Hebraism Redoubled

From the January 2014 Print Edition

The blow to Christian egos may not be such a bad thing. Christians, particularly those in the West who are heirs to many centuries of political and cultural dominance, must learn to contend with shrinking influence and growing marginalization, even vilification, where they once enjoyed a high, even . . . . Continue Reading »

Liberalism After Liberalism

From the May 2012 Print Edition

“Liberalism After Liberalism” is one of three addresses given to a symposium on “After Liberalism,” put on in late February with the support of the Simon/Hertog Fund for Policy Analysis and of Fieldstead and Company. Yuval Levin and James Rogers responded to this paper. The other two . . . . Continue Reading »

The Living City

From the December 2011 Print Edition

Works of social criticism often do not wear well, and even the best of them tend to fade in interest by their fiftieth birthday. Either the tools of analysis change, or the conditions being analyzed, and very often both. Once-essential works become strictly historical documents, artifacts giving . . . . Continue Reading »

The Moral Economy of Guilt

From the May 2011 Print Edition

In his grand and gloomy book Civilization and Its Discontents , Sigmund Freud identified the tenacious sense of guilt as “the most important problem in the development of civilization.” In fact, he continued, it seems that “the price we pay for our advance in civilization is a loss . . . . Continue Reading »

Whig History at Eighty

From the March 2011 Print Edition

It is odd that in the many recent discussions about what it might mean to pursue a more self-consciously “Christian” approach to scholarship, debates that were given fresh urgency over a decade ago by George Marsden’s book The Outrageous Idea of Christian Scholarship , the name of . . . . Continue Reading »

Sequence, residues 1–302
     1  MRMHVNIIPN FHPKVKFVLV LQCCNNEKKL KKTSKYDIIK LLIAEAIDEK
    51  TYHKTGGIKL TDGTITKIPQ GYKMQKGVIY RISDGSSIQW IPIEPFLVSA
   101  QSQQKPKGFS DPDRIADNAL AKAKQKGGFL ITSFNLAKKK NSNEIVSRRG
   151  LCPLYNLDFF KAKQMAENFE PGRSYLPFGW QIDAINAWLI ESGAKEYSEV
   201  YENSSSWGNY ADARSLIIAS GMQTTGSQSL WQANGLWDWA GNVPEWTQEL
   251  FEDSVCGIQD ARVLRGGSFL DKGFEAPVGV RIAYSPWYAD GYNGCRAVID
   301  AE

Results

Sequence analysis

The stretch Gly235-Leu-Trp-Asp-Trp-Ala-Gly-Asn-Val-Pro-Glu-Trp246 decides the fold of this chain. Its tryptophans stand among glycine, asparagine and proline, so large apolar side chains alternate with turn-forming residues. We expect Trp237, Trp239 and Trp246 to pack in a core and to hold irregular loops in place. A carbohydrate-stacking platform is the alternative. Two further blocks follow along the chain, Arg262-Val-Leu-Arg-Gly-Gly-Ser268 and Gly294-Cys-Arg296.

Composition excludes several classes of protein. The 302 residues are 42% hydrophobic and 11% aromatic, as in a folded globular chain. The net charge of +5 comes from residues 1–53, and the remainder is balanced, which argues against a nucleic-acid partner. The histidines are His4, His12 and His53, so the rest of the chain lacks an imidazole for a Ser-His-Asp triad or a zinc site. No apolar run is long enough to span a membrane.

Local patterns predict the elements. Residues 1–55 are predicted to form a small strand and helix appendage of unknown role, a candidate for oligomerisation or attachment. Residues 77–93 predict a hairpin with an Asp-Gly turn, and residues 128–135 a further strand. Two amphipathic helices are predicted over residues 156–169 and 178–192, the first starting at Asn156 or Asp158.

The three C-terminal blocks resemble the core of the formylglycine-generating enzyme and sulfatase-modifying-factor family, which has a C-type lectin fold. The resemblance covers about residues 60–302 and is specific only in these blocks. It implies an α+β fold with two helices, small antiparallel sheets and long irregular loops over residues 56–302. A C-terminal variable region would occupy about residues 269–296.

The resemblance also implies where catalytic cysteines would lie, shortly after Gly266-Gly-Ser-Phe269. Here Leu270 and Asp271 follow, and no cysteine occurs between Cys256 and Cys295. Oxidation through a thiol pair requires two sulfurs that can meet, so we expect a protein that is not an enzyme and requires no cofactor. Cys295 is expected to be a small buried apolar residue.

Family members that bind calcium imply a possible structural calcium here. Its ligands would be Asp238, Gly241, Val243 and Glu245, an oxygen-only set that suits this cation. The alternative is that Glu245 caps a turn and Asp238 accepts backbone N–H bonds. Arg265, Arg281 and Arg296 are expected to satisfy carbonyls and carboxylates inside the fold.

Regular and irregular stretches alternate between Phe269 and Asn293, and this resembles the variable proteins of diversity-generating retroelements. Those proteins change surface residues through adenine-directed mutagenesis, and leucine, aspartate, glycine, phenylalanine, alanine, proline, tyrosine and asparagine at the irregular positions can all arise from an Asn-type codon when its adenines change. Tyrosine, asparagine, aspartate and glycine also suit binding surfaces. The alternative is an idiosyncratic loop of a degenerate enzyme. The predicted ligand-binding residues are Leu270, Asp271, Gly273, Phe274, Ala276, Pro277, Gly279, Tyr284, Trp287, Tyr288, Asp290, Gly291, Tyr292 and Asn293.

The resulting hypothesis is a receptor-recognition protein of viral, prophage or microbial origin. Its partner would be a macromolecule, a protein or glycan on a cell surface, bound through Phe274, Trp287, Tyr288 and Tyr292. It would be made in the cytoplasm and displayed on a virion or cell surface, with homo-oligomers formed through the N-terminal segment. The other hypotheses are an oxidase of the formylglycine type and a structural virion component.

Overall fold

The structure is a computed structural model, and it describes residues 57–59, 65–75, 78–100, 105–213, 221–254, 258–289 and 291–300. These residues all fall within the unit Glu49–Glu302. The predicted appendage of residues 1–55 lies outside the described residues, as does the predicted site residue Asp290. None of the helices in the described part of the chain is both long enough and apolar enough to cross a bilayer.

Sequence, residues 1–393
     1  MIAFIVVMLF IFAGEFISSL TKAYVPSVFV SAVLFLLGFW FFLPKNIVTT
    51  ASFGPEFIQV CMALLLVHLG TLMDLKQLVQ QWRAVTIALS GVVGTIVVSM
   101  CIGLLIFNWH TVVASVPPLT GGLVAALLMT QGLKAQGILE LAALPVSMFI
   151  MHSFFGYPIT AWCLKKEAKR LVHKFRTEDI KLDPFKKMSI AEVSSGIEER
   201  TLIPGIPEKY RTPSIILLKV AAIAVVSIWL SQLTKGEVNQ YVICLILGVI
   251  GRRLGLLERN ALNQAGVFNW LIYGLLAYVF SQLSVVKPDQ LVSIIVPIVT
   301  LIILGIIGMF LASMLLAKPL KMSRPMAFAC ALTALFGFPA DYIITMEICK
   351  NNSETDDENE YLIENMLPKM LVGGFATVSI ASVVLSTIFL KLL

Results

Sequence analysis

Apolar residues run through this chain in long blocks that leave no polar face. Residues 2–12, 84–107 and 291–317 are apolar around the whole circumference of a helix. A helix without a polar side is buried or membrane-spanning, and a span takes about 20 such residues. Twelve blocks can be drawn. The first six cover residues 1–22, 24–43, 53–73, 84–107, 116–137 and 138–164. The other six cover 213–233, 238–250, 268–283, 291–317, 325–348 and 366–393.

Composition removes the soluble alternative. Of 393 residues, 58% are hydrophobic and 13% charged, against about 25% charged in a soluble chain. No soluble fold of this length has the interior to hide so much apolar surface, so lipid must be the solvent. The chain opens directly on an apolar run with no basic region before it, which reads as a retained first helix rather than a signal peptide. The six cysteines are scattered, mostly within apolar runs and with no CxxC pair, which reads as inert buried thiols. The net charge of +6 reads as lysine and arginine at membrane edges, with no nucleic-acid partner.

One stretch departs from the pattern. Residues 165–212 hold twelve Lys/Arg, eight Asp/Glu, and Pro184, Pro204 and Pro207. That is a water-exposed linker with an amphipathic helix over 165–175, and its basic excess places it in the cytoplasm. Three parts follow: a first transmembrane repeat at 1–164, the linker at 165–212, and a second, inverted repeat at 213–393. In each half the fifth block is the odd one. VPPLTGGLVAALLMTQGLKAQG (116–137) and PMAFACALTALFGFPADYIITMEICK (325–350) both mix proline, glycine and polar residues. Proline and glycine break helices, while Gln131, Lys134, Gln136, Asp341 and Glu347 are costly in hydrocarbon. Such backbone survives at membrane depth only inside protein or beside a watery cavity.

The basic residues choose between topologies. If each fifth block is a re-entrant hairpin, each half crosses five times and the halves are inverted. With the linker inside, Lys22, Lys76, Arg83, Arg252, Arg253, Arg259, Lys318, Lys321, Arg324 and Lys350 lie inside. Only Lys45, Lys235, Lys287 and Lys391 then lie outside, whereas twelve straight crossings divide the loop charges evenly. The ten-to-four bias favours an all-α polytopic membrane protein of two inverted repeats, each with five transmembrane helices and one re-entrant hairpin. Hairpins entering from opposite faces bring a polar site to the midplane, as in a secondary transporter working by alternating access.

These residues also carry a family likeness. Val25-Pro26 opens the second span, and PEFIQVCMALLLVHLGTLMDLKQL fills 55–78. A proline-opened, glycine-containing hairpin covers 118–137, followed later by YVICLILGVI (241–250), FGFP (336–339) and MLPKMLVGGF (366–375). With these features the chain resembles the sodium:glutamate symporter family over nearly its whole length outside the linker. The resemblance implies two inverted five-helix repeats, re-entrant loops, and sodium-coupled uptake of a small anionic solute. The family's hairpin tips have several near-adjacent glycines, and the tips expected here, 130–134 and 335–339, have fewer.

Keeping Time

From the June/July 2009 Print Edition

A Time to Keep Silence by Patrick Leigh Fermor New York Review Books, 112 pages, $12.95 paper One of the most memorable films of the decade was also one of the most countercultural: Philip Gröning’s 2005 Into Great Silence . This severely unadorned, unnarrated, and unsoundtracked . . . . Continue Reading »

Mediating Institutions

From the April 2009 Print Edition

To Empower People: From State to Civil Society Twentieth Anniversary ­Edition by Richard John Neuhaus and Peter Berger American Enterprise Institute, 244 pages, $25 Because Richard John Neuhaus was so prolific, and his interests were so amazingly broad and diverse, even his most devoted . . . . Continue Reading »

The Danger of Abstract Words

From Web Exclusives

We have a chronic problem in America with abstract words. We cannot do without them, since they are carriers of our highest ideals and aspirations: “justice,” “democracy,” “dignity,” “liberty.” But it is for precisely this reason that we should beware of them, . . . . Continue Reading »